Electron-Gated Ion Channels
With Amplification by NH3 Inversion Resonance

Cloth: 978 1 891121 41 8 / $85.00
 
Published: December 2005  

Publisher: SciTech Publishing
204 pp., 6" x 9"
Understanding ion channel gating has been a goal of researchers since Hodgkin and Huxley's classic publication in 1952, but the gating mechanism has remained elusive. In this book, it is shown how electrons can control gating. Introducing the electron as a gating agent requires amplification, but until now there has been no appropriate mechanism for amplification.

The new approach to gating, based on the electron and quantum mechanics, elucidates mechanisms important to cellular function and signaling. A greater understanding of the quantum-mechanical mechanisms and the role of the electron will likely bring benefits to human health, including improvements in drug therapy and treatments for ion channel related diseases.

Ion channel gating influences many cellular processes and is at the center of electrical and calcium signaling in the nervous system. The gating of ion channels has been intensively investigated over the past 15-20 years and a number of models have been proposed for gating.

For the first time, this book presents a comprehensive analysis, based on electrons controlling the ion channel gates. The theory and gating model are extensively linked to published experimental observations. The intrinsic simplicity of electron gating elucidates mechanisms important to the functions of nerve cells.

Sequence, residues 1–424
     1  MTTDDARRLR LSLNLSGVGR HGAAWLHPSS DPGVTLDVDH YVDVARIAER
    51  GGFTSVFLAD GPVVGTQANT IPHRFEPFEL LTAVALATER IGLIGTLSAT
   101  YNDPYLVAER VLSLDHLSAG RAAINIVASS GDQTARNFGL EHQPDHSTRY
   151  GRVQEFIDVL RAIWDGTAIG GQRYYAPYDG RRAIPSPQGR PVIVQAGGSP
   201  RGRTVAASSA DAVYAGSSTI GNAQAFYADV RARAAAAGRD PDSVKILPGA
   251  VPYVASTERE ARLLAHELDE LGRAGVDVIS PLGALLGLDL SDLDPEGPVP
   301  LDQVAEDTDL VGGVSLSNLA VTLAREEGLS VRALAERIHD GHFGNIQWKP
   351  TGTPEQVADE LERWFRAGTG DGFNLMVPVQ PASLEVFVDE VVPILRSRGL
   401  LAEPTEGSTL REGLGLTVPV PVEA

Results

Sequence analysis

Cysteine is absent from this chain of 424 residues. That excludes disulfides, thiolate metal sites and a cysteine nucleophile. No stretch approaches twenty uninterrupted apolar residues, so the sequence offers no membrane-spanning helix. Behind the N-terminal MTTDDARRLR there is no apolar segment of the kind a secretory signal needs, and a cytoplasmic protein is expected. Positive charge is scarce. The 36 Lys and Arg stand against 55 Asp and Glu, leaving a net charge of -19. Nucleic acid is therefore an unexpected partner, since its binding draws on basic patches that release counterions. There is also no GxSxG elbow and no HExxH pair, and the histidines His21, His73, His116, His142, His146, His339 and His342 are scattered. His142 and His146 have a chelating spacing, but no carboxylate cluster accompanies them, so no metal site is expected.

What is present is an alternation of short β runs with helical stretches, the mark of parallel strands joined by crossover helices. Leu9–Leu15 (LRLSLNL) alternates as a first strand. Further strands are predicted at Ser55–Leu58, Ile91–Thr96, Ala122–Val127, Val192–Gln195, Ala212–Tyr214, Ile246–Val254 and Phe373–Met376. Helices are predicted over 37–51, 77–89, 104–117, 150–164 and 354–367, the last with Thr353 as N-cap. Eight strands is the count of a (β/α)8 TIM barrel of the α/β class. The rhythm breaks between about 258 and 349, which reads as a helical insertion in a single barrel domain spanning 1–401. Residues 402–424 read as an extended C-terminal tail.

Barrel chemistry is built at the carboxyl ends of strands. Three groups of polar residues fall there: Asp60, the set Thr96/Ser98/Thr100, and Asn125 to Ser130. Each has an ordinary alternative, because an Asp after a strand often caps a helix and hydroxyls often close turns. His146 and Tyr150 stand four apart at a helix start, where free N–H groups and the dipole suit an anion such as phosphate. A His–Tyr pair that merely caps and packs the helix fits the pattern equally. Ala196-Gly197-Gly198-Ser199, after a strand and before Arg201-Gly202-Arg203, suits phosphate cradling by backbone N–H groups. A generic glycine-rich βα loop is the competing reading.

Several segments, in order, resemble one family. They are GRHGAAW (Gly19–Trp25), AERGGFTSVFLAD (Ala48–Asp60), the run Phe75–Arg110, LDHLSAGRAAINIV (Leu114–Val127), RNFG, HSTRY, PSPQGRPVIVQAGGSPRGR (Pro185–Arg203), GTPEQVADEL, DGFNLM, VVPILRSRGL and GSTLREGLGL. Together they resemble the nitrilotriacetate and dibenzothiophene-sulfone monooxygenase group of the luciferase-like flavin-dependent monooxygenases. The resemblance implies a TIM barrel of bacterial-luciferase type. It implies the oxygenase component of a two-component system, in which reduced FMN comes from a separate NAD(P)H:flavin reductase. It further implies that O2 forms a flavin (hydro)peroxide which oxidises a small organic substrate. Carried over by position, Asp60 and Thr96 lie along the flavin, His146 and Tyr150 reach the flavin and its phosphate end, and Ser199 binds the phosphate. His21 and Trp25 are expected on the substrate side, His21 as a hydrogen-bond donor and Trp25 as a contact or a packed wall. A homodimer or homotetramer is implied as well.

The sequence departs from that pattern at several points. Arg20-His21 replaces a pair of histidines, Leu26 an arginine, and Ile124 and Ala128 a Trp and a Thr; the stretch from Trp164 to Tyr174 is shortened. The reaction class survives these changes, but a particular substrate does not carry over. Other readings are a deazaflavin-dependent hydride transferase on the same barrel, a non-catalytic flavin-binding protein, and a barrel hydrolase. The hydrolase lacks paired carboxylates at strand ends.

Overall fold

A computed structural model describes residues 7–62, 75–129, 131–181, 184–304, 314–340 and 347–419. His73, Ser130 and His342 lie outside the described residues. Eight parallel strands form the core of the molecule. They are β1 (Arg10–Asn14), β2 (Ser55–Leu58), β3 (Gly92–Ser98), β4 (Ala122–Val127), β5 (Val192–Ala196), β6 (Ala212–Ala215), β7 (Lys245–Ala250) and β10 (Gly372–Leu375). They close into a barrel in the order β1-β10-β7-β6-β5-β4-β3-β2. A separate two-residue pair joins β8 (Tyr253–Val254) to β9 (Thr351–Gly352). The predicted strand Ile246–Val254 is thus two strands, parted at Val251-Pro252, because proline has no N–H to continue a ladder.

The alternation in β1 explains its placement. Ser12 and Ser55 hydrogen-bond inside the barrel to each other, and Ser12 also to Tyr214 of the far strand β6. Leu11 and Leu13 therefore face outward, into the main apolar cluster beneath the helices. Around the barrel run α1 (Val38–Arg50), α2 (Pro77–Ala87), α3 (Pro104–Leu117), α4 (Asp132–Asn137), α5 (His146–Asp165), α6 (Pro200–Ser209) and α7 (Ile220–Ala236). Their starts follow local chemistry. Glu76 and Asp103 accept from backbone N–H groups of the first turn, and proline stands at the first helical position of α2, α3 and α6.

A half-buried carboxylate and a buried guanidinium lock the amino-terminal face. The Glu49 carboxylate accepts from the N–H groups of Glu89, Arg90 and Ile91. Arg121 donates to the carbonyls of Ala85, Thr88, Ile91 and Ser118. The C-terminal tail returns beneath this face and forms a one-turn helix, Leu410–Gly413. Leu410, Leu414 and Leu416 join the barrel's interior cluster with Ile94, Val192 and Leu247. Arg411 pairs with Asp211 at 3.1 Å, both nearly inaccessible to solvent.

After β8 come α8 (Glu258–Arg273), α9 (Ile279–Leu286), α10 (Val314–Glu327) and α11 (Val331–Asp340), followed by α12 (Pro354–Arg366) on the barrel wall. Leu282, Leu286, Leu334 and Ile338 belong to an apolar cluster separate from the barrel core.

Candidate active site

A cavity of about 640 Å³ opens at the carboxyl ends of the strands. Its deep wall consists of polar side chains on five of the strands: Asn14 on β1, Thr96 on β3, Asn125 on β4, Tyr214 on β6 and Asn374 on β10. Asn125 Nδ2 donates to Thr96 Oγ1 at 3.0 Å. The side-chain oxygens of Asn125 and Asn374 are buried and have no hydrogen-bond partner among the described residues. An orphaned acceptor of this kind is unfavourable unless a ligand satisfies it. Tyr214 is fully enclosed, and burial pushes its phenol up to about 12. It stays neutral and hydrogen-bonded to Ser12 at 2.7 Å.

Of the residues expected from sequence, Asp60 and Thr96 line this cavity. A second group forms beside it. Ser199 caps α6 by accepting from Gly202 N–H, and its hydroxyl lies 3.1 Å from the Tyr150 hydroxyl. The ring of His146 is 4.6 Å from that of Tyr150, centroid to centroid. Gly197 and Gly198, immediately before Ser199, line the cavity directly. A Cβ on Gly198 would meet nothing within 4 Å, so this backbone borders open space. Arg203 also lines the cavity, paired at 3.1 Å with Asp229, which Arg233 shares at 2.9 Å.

A NEW APPROACH
The new approach to gating, based on the electron and quantum mechanics, elucidates mechanisms important to cellular functioning and signaling. A greater understanding of the quantum-mechanical mechanisms and the role of the electron will likely bring benefits to human health, including improvements in drug therapy and treatments for ion channel related diseases, such as:

1. Cardiac arrhythmias, Long QT syndrome and Brugada syndrome may result from genetic mutations in sodium, potassium or L-type calcium channels that alter gating and timing. Electron-Gated Ion Channels explains long time intervals between open and closed states. A model for L-type calcium oscillators (Chapter 8), based on voltage-sensitive electron tunneling, show how burst mode oscillations can occur in pacemaker cells. This may help to understand a variation in timing intervals caused by some genetic mutations.

2. Hypokalemic periodic paralysis (HypoPP) is a muscle disorder reported to be caused by inherited mutations in the voltage sensor (S4) of a sodium or calcium channel. Electron-Gated Ion Channels suggests how a shift in the activation curve or change in inactivation time may result from S4 mutations that alter voltage sensitivity or the electron tunneling distance between arginine and lysine sites.

3. Epilepsy, schizophrenia and Alzheimer’s disease are reported to have changes in the theta rhythm (4 - 12 Hz). Electron gating models show how theta and alpha waves in the brain are likely produced by electron tunneling oscillations in the voltage sensor of calcium or sodium ion channels. An L-type calcium oscillator model (Chapter 8) provides a 4 - 12 Hz oscillation frequency with an 8-residue tunneling distance between arginine and lysine sites at the cytoplasmic end of S4 in domain IV.

KEY FEATURES
• A comprehensive analysis of ion channel gating, based on amplified single-electron tunneling.
• Microwave Thermal Fluorescence Spectroscopy experiments show, for the first time, spectra for quantum states of inverting NH3 on arginine’s side chain.
• Amplification of ~25 fold, based on NH3 inversion, provides the voltage sensitivity for 4 tunneling electrons to control all sodium, potassium and calcium channel gates.
• Explains long time-constants for ion channel inactivation and the immobilization of gating charge.
• Single-electron tunneling with long time-constant inactivation provides a simple mechanism for producing burst-mode oscillations in L-type calcium channels.




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